Tasty Tour is a group that operates only in Italy, with a variety of different food excursions across Rome, Venice, Florence, and Naples. Travelers can sign up for daylong tours that go through the food markets, eateries, and street food hubs of Rome, the fish markets, Jewish ghetto, and bars of Venice, or evening food and wine tours across Sorrento and Florence’s gourmet restaurants.

  • Cost:
    $44 onwards

  • Locations:
    Rome, Venice, Florence, and Naples

5 Eat With Elizabeth Minchilli

Elizabeth Minchilli’s move to Italy from the U.S. was originally meant to be a brief stay while she worked on her dissertation on sixteenth-century garden architecture. Decades later, she lives in Italy full-time, where, along with her daughter Sohpie, the duo host daylong market tours and weeklong tours in different regions of Italy. The mother-daughter duo hosts regular tours across Pugia, Umbria, Parma, and Sicily while occasionally bringing other experts and insiders on board to lead the group with them. The only word of advice? Their weeklong tours tend to sell out very quickly.

  • Locations:
    Rome, Umbria, Sicily, Abruzzo, Parma and Puglia.

4 The Best Of Street Food With Streaty

Italy has plenty of sit-down osterias and trattorias, but some of the best Italian food is hidden inside the streets of its busiest cities. Streaty takes visitors through these streets in search of the best street food that the area has to offer. Visitors can take their pick between brioche col gelato (ice cream sandwich) in Palermo, crispelle (fried dough) in Catania, or fried zucchini flowers and mozzarella in Naples — there’s much to eat on Streaty’s tours.

  • Cost:
    $52 onwards

  • Locations:
    Palermo, Catania, Naples, Florence, Venice, and Taormina

3 Eat Like A Sicilian With Sicilian Food Tours

There’s no doubt that exciting culinary delights await all over Italy but if there was one region to narrow down on, Sicily is a worthy contender. From light seafood pasta, Sicilian pizzas, and fried arancini to creamy cannolis and granita with brioche for breakfast — Sicily is a treat for food lovers, and few tours know the region better than Sicilian Food Tours who organize both one-day and seven-day trips.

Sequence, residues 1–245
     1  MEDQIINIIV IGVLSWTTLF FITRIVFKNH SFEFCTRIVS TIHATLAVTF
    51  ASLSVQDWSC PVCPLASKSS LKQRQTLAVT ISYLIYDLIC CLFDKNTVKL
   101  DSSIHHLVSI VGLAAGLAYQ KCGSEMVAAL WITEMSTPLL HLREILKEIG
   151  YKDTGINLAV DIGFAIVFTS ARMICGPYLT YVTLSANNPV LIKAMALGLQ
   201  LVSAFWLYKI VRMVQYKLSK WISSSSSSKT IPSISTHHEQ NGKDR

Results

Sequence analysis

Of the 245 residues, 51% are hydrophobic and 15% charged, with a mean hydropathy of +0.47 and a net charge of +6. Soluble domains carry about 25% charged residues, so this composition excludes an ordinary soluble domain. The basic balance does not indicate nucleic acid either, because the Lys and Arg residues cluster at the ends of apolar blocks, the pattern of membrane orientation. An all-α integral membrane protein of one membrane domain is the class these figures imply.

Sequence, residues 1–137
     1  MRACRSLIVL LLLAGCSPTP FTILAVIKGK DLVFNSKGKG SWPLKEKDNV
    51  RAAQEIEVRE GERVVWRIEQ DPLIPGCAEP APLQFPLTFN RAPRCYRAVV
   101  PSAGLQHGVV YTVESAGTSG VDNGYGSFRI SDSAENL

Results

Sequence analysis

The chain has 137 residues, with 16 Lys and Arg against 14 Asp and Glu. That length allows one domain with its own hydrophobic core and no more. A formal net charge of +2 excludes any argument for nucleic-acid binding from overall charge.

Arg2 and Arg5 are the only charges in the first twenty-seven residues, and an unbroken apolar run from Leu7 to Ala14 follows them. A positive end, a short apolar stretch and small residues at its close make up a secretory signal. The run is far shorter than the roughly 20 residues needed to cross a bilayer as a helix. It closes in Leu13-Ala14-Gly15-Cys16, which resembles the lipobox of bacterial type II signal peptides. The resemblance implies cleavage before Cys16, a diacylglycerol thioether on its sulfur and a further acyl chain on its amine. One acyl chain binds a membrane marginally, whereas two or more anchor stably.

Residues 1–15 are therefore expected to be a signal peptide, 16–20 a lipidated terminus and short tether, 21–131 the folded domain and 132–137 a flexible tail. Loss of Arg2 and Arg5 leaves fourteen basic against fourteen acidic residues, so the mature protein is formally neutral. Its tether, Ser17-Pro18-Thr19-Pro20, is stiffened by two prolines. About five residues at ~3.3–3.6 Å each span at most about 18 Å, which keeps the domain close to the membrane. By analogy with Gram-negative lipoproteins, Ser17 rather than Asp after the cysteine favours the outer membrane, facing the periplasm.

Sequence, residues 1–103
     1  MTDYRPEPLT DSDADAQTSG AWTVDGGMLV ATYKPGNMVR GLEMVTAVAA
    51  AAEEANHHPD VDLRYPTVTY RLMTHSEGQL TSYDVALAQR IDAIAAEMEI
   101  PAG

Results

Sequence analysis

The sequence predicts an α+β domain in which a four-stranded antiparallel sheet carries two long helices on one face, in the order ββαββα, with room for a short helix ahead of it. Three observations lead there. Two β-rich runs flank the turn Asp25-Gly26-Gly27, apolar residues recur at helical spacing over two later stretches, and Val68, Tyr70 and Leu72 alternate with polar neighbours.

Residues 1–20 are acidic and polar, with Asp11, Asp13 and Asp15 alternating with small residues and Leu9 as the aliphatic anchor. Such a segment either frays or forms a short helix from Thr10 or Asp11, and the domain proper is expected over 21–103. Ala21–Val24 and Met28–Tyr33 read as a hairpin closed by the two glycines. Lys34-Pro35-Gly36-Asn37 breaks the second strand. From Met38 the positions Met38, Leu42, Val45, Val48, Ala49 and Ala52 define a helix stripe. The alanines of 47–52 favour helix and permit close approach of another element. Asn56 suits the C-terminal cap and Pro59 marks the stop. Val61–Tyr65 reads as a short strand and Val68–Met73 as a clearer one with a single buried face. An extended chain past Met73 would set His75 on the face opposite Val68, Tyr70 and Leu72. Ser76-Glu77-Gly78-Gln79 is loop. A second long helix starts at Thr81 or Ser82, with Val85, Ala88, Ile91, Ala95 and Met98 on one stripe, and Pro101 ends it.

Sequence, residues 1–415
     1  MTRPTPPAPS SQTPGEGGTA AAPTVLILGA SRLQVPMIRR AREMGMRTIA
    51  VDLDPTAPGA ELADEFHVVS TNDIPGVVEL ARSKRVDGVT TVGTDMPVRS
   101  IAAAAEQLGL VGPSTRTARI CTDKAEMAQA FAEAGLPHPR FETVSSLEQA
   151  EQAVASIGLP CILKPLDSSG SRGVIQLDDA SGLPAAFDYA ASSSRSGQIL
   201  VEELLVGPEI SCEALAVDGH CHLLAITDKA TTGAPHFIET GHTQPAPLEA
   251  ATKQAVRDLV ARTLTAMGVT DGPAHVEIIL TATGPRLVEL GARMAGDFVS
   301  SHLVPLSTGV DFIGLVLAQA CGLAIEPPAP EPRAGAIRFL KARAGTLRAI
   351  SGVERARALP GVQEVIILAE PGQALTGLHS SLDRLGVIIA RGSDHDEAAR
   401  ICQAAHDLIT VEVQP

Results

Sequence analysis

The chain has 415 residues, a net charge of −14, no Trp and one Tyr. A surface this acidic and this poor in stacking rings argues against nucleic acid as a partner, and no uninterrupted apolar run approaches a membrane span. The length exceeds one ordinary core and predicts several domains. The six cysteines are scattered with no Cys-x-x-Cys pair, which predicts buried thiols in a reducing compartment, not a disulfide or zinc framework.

• Cost:
    One-day tours begin at $130, and seven-day tours begin at $$3,379

  • Location:
    Sicily

Related: 10 Best Restaurants For A Romantic Dinner In Sicily

2 The Backstreets Of Palermo And Naples With Culinary Backstreets

Culinary Backstreets’ tours focus on the traditional culinary life of Naples and Palermo, taking visitors to all the haunts frequented by locals and the best family-run restaurants located in the backstreets of Naples and Palermo. Tours through the alleys of Naples and the markets of Palermo take place over five hours in groups of two to seven.

  • Cost:
    $135

  • Locations:
    Naples and Palermo

1 The Italian On Tour For The Gluten-Free Foodies

Fresh Foccacia, crisp fried bread, wood-fired pizza dough, and carb-laden pasta: as delicious as it all sounds, eating in Italy can be a nightmare for foodies on a gluten-free diet. The Italian On Tour run by an Italian-Canadian couple, however, is more than happy to make their seven and ten-day tours through Italy suitable for gluten-free diets. Dine at the country’s best restaurants, meet expert wine producers, walk through farms and olive groves, and stay at four-star boutique hotels — all without worrying about gluten hiding in the food.

  • Locations:
    Travel all over Italy on seven and ten-day tours